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Date: Thu, 25 Jun 2020 11:38:04 -0400
From: Rich Felker <dalias@...c.org>
To: Stefan Ciotec <Stefan.Ciotec@...a.com>
Cc: "'musl@...ts.openwall.com'" <musl@...ts.openwall.com>,
	Vasile Iliescu <Vasile.Iliescu@...a.com>
Subject: Re: errno not set to EBADF when reading from invalid
 descriptor

On Thu, Jun 25, 2020 at 01:21:05PM +0000, Stefan Ciotec wrote:
> Hi,
> 
> We are using MUSL C-library 1.1.22.
> According to the POSIX standard, EOF should be returned and errno
> should be set to EBADF for the read group of functions (i.e.
> fgetc(), getc(), getc_unlocked()) when attempting to read from a
> stream with an invalid file descriptor open for reading.
> However, in our tests with MUSL, we discovered that EOF is returned,
> but errno is not set to EBADF (it's 0 instead), for the following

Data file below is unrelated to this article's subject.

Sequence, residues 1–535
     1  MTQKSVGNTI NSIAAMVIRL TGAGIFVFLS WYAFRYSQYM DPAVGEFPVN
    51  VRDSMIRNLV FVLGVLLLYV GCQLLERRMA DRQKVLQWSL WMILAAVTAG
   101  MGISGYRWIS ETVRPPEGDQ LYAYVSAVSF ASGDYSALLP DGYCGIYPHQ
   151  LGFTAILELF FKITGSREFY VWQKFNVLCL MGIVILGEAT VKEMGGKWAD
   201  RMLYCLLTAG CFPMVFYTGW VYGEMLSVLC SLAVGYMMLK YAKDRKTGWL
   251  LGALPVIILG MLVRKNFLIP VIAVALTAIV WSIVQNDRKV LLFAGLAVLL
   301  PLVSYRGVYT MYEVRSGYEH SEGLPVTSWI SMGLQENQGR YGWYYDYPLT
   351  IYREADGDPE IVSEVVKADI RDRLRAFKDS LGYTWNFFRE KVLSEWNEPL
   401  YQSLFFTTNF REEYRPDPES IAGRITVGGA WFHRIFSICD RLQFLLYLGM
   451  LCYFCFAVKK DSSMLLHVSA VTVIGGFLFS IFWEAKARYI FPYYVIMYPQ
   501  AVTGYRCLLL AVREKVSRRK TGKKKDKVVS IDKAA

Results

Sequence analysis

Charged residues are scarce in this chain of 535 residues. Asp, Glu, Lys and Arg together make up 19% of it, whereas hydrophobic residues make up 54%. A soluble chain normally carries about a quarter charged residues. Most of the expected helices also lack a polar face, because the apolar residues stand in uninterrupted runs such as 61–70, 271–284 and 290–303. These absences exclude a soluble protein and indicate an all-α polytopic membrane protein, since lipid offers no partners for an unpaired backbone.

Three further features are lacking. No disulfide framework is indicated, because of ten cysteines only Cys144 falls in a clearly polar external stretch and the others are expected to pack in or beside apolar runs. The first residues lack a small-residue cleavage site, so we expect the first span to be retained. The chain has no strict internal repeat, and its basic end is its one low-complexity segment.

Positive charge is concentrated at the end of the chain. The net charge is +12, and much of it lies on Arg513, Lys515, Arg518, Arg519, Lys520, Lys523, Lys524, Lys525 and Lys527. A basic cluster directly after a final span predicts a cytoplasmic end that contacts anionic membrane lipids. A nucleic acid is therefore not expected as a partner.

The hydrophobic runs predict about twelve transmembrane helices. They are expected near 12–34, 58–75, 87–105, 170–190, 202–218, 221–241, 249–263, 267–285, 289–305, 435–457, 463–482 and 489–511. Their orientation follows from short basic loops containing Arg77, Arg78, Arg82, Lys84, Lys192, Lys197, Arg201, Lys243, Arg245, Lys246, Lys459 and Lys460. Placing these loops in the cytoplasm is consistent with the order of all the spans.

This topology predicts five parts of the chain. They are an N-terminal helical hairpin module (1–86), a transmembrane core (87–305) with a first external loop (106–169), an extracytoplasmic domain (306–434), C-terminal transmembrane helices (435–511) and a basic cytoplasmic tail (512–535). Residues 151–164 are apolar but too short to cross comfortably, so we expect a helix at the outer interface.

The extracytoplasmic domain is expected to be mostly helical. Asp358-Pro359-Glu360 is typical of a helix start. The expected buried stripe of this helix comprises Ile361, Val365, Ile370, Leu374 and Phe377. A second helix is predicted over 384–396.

> code:

I think you're misreading the standard. Per ISO C, it's undefined
behavior to call a read function on a FILE stream not opened for read
or update. The POSIX "shall fail" text you're looking at applies when
the FILE stream is open for read or update but the underlying fd is
not open for reading; this can happen with fdopen, when inheriting an
unsuitable fd for stdin via exec, or when using dup2 to replace
fileno(f) for some already-opened FILE with a reference to a different
open file that was opened for write only.

Note that the POSIX text is not very well aligned with the C text, but
the DESCRIPTION in POSIX refers to "the input stream pointed to by
stream". This reflects that it's a constraint, and passing an
inappropriate stream pointer is a constraint violation.

Note that there are lots of other reasons you can't safely use stdio
read functions on a stream you don't know is suitable for it.
Switching from writing to reading without a successful flush produces
UB, and switching the other direction without a successful seek does,
even if the FILE stream is open for both.

Rich

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